Cooke-Johnson: Children with cancer need our help

The original article can be found in: Barbados Advocate

ANNUALLY there may be between 15 and 20 new cases of children diagnosed with cancer. Fortunately there has always been fewer than seven deaths during that same period.

This was revealed by Dr. Dorothy Cooke-Johnson, Honorary Secretary and Director of the Barbados Cancer Society as she outlined some of the programmes put in place by the organisation to offset the high costs to families with children with cancer.

She was speaking during the official launch of the Magical Storybook Show, a fund raising pantomime, which will be held later in the year.

Explaining that the Society has managed children’s programmes for over 31 years, she said that there have been over 500 children diagnosed during that time, and the organisation has walked hand in hand with many of those families.

“Children who have a diagnosis of cancer need expensive drugs, additional diagnostics… MRIs or tests may not be available free. Drugs such as Mabthera for Non Hodgkins Lymphoma cost $7 000 per dose… Children need to go overseas for treatments such as bone marrow transplant costing $900 000 not including months of accommodation, airfares and living expenses.”

Dr. Cooke-Johnson pointed out that in some instances “mum” has to give up work to spend up to six months to two years while the child receives treatment.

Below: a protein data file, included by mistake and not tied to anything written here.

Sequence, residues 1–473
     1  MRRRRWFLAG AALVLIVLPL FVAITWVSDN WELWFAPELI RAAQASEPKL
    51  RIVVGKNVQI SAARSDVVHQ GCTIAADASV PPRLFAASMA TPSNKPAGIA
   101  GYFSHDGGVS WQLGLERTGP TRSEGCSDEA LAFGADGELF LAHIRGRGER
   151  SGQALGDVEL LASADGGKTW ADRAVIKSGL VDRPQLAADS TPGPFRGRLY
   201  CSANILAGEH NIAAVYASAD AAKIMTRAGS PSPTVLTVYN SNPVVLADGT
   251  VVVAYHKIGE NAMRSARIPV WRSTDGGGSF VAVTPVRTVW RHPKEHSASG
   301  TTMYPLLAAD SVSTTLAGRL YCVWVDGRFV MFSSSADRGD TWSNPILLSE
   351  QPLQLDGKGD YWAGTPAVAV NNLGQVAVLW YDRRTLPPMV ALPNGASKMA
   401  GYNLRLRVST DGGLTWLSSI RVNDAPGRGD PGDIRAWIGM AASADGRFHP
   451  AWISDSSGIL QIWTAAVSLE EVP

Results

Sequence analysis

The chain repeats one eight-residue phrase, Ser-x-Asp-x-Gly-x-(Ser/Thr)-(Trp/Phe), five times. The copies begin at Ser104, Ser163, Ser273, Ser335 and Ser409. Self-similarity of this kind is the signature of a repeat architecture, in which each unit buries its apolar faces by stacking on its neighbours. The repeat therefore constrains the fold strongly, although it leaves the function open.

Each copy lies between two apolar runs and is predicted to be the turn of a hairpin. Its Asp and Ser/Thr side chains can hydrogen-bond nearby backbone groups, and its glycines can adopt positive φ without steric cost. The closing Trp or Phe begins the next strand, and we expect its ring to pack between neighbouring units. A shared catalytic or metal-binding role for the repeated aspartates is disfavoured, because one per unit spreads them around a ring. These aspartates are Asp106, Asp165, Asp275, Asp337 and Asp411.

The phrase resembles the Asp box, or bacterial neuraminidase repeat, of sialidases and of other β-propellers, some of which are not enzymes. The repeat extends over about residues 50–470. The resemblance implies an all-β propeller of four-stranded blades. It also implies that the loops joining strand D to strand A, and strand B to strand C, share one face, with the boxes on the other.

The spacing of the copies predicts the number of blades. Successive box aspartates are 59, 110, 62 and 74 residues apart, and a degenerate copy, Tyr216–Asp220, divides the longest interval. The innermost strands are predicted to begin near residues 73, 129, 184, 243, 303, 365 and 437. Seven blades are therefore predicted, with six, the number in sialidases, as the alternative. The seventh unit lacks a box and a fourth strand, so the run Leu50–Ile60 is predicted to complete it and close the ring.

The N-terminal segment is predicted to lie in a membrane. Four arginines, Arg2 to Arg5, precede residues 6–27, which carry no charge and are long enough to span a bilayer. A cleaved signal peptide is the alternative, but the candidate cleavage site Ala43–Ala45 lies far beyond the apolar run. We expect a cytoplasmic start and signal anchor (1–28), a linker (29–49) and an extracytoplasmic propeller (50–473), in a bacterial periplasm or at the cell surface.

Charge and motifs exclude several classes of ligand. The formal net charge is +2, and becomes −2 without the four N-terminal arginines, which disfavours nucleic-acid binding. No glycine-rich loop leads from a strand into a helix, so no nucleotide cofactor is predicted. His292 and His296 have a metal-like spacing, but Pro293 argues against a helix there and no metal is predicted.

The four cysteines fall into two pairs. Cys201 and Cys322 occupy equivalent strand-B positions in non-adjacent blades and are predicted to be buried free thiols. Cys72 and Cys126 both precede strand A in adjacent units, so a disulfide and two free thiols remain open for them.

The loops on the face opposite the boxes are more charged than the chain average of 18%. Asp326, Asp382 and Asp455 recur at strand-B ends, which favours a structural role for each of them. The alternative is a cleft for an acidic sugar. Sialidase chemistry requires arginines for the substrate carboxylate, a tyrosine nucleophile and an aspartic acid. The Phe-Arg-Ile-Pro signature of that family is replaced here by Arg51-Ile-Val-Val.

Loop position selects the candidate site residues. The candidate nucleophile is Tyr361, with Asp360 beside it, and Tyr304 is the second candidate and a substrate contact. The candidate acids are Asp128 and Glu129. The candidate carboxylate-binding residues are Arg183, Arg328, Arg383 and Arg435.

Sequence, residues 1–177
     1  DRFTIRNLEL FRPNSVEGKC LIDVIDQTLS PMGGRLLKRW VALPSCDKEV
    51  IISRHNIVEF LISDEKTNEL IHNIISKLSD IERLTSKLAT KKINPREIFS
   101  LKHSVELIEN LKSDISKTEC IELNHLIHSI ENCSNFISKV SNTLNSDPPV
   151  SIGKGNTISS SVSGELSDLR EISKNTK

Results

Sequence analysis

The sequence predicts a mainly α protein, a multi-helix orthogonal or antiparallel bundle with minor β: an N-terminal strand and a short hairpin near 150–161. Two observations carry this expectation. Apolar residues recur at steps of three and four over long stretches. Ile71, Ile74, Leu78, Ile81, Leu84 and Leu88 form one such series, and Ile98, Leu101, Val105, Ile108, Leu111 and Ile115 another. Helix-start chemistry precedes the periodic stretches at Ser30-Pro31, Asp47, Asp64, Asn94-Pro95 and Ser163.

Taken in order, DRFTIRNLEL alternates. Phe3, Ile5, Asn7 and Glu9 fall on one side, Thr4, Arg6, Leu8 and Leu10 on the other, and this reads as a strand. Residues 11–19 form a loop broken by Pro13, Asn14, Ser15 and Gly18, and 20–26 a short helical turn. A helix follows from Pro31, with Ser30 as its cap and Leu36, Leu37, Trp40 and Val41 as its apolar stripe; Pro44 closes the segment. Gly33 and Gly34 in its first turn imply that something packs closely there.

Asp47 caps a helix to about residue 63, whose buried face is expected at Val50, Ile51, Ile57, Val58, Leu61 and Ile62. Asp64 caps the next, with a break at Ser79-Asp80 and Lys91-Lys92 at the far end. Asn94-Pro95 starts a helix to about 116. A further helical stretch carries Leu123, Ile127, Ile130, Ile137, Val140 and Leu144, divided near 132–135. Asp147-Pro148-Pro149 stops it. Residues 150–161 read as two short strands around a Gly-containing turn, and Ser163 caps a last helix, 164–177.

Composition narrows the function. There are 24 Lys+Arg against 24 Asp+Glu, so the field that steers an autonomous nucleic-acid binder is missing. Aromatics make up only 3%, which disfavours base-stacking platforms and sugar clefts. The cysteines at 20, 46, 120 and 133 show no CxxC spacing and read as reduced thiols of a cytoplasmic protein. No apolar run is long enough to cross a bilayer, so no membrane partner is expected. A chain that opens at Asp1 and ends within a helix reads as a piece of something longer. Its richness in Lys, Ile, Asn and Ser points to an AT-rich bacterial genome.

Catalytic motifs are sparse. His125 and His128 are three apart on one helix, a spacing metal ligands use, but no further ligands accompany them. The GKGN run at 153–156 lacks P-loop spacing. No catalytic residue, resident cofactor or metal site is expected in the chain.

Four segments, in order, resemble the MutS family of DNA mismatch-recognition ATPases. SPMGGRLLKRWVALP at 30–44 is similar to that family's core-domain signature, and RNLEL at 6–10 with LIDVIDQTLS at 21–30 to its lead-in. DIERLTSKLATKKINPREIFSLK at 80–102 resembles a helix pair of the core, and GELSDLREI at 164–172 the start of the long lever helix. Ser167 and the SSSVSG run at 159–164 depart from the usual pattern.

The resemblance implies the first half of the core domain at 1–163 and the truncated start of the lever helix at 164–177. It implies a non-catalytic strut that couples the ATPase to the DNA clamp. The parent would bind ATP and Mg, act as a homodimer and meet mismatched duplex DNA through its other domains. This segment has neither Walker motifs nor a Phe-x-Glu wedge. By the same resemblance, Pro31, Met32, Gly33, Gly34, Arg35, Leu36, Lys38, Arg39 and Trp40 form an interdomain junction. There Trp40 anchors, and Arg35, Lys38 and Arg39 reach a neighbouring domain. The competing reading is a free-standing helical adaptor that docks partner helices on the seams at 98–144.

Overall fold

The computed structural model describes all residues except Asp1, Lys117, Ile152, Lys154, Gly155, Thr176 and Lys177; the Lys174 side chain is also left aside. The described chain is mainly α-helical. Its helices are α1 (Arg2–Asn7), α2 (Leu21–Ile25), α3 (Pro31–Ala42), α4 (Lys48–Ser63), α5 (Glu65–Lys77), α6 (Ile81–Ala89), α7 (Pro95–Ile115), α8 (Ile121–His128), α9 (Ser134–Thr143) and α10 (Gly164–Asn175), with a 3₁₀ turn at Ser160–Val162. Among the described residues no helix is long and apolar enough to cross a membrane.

“In and out of hospital for radiotherapy, chemo and blood transfusions. She has no income, and probably other children at home to support, feed, and get to school along with rent, bills and transport.”

The Director while commending the show which is being produced by Anna Adamira, explained that those children who have lost a parent to cancer, their lives are also forever changed or compromised by that death.

“Financial support, counselling, additional education- even professional courses, advocacy and guidance are needed, all supported by the funds raised from this show,” she said.

She explained that the Society is a Charitable Trust which raises 97 per cent of its own budget through constant fund-raising.

“This takes a lot of time and effort, but fund-raising is vital. Imagine a child suffering from leukaemia, lymphoma, rhabdomyosarcoma, neuroblastoma, Wilms tumour of the kidney, liver cancer, brain cancer, osteosarcoma, retinoblastoma – these are the most common paediatric cancers. There is nothing so tragic. And we seem so helpless. And only money can help, but the money has to be raised,” she said. (JH)

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